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Composers from Amazon.com's Get Started in Classical:

Bach Glass Schubert
Beethoven Mahler Stravinsky
Copland Mozart Tilson Thomas
Corigliano Mutter Wagner
Debussy Pärt Zimerman
NEW! Huang

Additional composers and musicians

Wolfgang Amadeus Mozart

This is from Amazon.com's Get Started in Classical.

Mozart's miraculous creativity rewards listening at any stage

For those who shy away from classical music because they feel they lack the necessary "background," Wolfgang Amadeus Mozart (1756-1791) is the perfect ticket. His greatest compositions cut to the quick and establish an immediate bond with the listener, as if Mozart had discovered a code in sound to articulate the emotional reality that lies at the core of our humanity. There's an almost miraculous quality to his creativity, whether you consider Mozart's beginnings as a child prodigy (he composed his first symphony--to the glee of the "Mozart for babies" marketing strategists--at the age of 8) or his versatility in mastering every musical form of his era. Symphonies, string quartets, sonatas, Masses, concertos, and operas poured from his pen at a dizzying speed (a famous example is the overture to Don Giovanni, written in one frantic all-nighter), often with the seeming effortlessness of plucking a piece of ripened fruit.

But don't be fooled into equating that flow of inspiration with superficiality. Take the two piano concertos on this disc, which were written back-to-back within the space of a single month in early 1785. They represent Mozart at the peak of his powers and form a complementary pair, like the twin comic and tragic masks that symbolize the theater. Both are shot through with the same highly dramatic sensitivity that makes Mozart's operas so perennially appealing. There's even a practical reason for that analogy: Mozart frequently wrote his concertos for performance during the Lenten season, during which the theaters were required to remain closed. The first concerto here displays the composer at his darkest and most brooding; it is set in the same key (D minor) that he seemed to associate with death (the opening of the Requiem) as well as the demonic (Don Giovanni). Beethoven responded so deeply to this music that he wrote out his own cadenzas (the lengthy solo passages for the pianist near the end of the first and third movements) at the point where Mozart would have improvised in live performance. The C Major Concerto by contrast evokes a sense of brilliant festivity from the start, punctuated with trumpets and drums, and unfolds with an almost unbelievable generosity of musical ideas.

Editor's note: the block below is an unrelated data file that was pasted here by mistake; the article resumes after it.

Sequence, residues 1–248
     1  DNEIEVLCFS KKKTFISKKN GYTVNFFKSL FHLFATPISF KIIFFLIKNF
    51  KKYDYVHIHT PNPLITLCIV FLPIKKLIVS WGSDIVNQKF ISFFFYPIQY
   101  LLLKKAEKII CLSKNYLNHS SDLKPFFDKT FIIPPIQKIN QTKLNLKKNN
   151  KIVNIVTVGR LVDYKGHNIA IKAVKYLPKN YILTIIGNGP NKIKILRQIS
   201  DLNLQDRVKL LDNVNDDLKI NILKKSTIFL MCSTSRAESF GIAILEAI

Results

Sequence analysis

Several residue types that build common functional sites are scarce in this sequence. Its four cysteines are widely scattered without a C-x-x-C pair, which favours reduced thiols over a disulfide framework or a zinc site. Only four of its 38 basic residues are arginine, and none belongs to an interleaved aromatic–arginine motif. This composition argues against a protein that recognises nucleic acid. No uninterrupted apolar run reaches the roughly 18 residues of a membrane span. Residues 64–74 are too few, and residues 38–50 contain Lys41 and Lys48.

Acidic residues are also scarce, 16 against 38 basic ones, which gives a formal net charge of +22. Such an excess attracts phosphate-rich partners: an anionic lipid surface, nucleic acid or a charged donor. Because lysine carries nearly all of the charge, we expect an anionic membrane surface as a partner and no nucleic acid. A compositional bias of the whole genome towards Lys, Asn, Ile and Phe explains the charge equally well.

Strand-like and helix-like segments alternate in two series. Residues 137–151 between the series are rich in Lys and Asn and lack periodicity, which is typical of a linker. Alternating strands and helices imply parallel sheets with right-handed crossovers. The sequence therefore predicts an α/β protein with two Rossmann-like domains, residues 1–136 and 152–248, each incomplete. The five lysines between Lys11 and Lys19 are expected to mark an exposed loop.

Another aspect of the drama in these concertos is the constant trade and dialogue--sometimes playful, sometimes adversarial--between soloist and orchestra. Mitsuko Uchida is one of the most sensitive interpreters of Mozart to emerge in this generation, and she plays the protagonist here with total involvement and clean, beautifully detailed support from conductor Jeffrey Tate. Try to follow the proceedings from the piano's point of view, and you'll find yourself completely immersed.

Thomas May, Classical Editor

More Mozart can be found in can be found in Musical Information, Recommendations for Adults and Recommendations for Children.
List of Composers

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